(CNN) - Federal prosecutors in New York have ended their investigation into the Trump Organization's role in hush money payments made to women who alleged affairs with President Donald Trump and have been ordered by a judge to release additional information connected to their related probe of former Trump lawyer Michael Cohen, according to court documents filed Wednesday.
CNN reported Friday that the Manhattan US Attorney's office had approached the end of its investigation of the Trump Organization and wasn't poised to charge any executives involved in the company's effort to reimburse Cohen for money he paid to silence one of the women. That payment constituted an illegal campaign contribution, according to prosecutors. Trump has denied the affair allegations.
"The campaign finance violations discussed in the Materials are a matter of national importance," US District Court Judge William Pauley wrote in his decision. "Now that the Government's investigation into those violations has concluded, it is time that every American has an opportunity to scrutinize the Materials."
Pauley ordered a copy of the government's July status report and copies of search warrant materials from the Cohen case to be filed publicly with very limited redactions by Thursday at 11 a.m. ET.
The conclusion of federal prosecutors' investigation of the Trump company's role in the Cohen matter marks a significant victory for the President's family business, although it likely doesn't come as a complete surprise. There had been no contact between the Manhattan US Attorney's office and officials at the Trump Organization in more than five months, CNN reported Friday.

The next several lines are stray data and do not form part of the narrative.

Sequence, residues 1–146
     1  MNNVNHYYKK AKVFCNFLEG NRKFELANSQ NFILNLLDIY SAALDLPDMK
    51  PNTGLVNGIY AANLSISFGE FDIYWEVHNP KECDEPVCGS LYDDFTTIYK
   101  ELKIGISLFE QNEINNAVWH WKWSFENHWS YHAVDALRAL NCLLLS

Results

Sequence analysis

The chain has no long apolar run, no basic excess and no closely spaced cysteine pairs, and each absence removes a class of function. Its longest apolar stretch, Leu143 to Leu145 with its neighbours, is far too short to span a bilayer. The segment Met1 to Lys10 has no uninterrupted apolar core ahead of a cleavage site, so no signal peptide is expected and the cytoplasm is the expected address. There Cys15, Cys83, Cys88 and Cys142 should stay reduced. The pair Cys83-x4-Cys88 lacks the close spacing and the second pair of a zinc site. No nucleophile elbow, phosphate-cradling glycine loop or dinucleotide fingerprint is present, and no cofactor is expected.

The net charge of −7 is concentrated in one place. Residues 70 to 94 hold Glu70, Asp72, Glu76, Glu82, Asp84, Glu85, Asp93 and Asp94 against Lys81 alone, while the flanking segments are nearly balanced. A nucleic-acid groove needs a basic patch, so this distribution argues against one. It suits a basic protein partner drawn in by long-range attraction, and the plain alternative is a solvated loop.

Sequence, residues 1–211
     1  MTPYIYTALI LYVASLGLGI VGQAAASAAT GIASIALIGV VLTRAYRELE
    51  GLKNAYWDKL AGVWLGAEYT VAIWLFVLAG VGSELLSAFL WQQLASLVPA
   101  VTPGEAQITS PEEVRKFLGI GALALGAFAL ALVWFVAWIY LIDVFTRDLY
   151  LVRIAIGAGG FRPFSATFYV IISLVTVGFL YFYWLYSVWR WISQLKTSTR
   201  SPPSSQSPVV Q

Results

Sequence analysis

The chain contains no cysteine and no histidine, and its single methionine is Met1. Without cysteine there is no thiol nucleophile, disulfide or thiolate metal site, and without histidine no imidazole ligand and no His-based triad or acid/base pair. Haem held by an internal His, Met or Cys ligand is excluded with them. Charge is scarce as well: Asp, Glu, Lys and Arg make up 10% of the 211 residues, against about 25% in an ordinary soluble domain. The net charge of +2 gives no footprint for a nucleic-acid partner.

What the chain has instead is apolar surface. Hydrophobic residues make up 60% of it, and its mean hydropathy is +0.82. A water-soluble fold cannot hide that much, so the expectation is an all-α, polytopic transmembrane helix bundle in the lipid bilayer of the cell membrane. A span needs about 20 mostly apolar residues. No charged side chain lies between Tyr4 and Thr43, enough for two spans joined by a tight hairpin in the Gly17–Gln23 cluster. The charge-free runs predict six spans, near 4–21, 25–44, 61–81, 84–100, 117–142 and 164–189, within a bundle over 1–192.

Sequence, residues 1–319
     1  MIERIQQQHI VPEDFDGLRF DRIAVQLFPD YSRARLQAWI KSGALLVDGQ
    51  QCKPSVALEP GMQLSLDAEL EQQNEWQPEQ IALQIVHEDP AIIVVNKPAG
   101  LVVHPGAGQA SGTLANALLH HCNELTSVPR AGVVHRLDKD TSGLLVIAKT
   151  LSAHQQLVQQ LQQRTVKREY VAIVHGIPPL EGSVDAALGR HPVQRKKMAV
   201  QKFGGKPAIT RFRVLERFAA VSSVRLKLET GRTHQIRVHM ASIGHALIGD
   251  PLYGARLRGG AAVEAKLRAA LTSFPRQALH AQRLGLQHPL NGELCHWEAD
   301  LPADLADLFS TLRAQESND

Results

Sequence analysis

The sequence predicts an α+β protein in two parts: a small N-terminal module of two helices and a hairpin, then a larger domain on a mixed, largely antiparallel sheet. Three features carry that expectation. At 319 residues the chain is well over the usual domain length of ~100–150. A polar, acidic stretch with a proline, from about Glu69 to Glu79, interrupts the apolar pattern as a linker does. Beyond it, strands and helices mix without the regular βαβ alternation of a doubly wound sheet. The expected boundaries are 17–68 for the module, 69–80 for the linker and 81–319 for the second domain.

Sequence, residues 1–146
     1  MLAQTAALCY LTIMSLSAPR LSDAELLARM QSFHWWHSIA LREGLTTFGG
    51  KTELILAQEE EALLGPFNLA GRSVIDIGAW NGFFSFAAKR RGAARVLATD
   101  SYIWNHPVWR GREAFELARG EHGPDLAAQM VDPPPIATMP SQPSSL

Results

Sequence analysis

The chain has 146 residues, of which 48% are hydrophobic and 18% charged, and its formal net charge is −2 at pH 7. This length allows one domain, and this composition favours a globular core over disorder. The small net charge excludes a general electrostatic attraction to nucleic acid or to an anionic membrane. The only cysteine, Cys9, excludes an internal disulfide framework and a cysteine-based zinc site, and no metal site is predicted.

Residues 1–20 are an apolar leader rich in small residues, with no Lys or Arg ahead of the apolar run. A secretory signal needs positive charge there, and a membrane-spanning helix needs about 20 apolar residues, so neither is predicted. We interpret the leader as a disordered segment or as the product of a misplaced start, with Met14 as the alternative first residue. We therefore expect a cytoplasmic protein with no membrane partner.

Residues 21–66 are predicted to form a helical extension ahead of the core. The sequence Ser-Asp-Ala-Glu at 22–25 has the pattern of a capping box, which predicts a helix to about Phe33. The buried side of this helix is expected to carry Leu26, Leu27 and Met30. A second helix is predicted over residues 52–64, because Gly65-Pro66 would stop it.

An attorney for the company declined to comment.
A lawyer for Trump, Jay Sekulow, said: "We are pleased that the investigation surrounding these ridiculous campaign finance allegations is now closed. We have maintained from the outset that the President never engaged in any campaign finance violation."
In April 2018, the FBI executed searches of Cohen's home, hotel room, safe deposit box, cell phones and email accounts. Portions of the search warrant material were made public earlier this year after the judge ordered them revealed in response to a request by media companies. But the judge allowed prosecutors to redact significant parts of the material because they related to the government's "ongoing investigation."
The Trump Organization investigation was launched out of the Cohen case, in which he pleaded guilty to eight counts, including two counts of campaign-finance violations for orchestrating or making payments during the 2016 election to two women -- adult-film actress Stormy Daniels and ex-Playboy model Karen McDougal -- who alleged affairs with Trump. Cohen is now serving a three-year prison sentence.
After Cohen made the $130,000 payment to Daniels, he was reimbursed, prosecutors said in court filings, by the Trump Organization. The company's executives authorized payments to him totaling $420,000, in an effort to cover his original payment, tax liabilities and reward him with a bonus, according to prosecutors, and they falsely recorded those payments as legal expenses in their books.
The criminal inquiry centered on whether those payments, like the hush money Cohen gave to Daniels, violated campaign-finance law.
The judge on Wednesday said he would allow the government to keep the redaction of an uncharged third party when it files its status report and would permit the search warrant materials to be filed with redactions of the names of law-enforcement investigators and people who did business with Cohen in connection to taxi medallions he owned.
This story has been updated.
CNN's Kara Scannell contributed to this report.
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